A college student has won the honour of showcasing his classroom project at a high-profile renewable energy conference next year.
Student's playground design wins green energy prize
DUBAI // A college student has won the honour of showcasing his classroom project at a high-profile renewable energy conference next year.
Muhammad Ilyas designed a piece of playground equipment that reuses energy, which will be exhibited at the World Future Energy Summit (WFES) in Abu Dhabi from January 17 to 20.
Last year, the conference drew 25,000 delegates from 150 countries, including business executives and venture capitalists.
"Major players will be there," said Bernard Walsh, one of six judges at the student design competition where the project was picked. "They will get exposure to the world market."
Mr Ilyas, 29, from Pakistan, will receive Dh10,000 to build a working model of his project to display at the summit.
He has only two months to complete the piece in between juggling night classes in interior design at Preston University Ajman and a full-time job at an engineering consultancy.
The opportunity came as a surprise, since it was not the intended prize of the competition, which was held last week at the major interior design exhibition, Index. Eighty students from nine universities, who had come to display their equipment designs, were split into two teams and given four days to combine their projects into two playgrounds.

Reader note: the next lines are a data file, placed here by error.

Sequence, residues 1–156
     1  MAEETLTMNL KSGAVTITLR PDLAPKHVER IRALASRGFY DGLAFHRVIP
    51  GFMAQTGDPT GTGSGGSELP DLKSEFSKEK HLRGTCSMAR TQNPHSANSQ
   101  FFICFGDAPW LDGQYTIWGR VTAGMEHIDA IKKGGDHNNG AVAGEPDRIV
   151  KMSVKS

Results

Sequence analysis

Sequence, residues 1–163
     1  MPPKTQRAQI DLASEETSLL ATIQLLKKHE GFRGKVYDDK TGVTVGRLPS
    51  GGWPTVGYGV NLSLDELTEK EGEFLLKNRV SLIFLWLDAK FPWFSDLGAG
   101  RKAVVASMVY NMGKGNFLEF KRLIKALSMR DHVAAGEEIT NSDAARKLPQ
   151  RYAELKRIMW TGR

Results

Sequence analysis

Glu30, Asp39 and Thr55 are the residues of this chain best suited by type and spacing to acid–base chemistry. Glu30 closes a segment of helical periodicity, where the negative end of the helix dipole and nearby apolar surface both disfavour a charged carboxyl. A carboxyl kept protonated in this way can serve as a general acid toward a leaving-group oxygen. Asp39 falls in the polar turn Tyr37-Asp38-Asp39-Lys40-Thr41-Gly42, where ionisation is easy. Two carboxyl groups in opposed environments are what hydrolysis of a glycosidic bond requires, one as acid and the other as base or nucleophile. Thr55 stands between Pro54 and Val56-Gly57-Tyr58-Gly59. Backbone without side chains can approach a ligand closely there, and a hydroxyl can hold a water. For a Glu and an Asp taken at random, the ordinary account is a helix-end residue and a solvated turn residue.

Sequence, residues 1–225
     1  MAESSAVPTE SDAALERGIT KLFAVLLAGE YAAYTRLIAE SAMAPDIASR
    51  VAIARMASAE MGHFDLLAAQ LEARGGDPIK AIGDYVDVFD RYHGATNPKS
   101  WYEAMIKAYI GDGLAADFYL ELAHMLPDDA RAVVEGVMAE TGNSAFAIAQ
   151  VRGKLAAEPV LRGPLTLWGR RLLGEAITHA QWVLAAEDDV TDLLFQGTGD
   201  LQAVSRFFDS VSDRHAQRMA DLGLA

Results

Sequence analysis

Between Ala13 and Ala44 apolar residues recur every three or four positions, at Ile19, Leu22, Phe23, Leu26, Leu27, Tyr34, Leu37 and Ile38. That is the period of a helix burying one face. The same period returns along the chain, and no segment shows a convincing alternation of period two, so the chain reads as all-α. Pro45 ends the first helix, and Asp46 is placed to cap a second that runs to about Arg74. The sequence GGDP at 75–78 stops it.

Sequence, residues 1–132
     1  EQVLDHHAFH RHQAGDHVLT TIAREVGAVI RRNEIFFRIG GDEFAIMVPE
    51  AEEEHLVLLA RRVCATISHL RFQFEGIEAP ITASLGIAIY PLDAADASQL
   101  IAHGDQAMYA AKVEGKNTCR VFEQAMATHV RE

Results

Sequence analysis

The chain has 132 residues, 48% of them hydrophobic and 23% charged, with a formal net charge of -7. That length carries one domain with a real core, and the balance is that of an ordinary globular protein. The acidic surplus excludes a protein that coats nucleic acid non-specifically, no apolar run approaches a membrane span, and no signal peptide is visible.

Mr Ilyas's team lost. But soon after, the judges - including one who helps to organise the WFES - told Mr Ilyas about his individual win.
"Every designer dreams of doing some famous designs," Mr Ilyas said. "I am always trying to do things differently."
The project, named the Flying Jack, features a 7.5m pole with two baskets designed to carry one person each. The baskets rise up the pole when each rider's teammate jumps on a platform on the ground. The faster they jump, the quicker the basket goes up, and the first rider to ring a bell at the top wins. The bell will prompt an LED-lit sign to flash messages such as "Don't smoke" or "Don't waste water".
The project raised eyebrows from the start, said Mr Ilyas's teacher, Alma Saad Houdifa.
"From the beginning, everyone was making fun of him: people flying? But he was so stubborn and so excited about it," she said. "He has so many great ideas."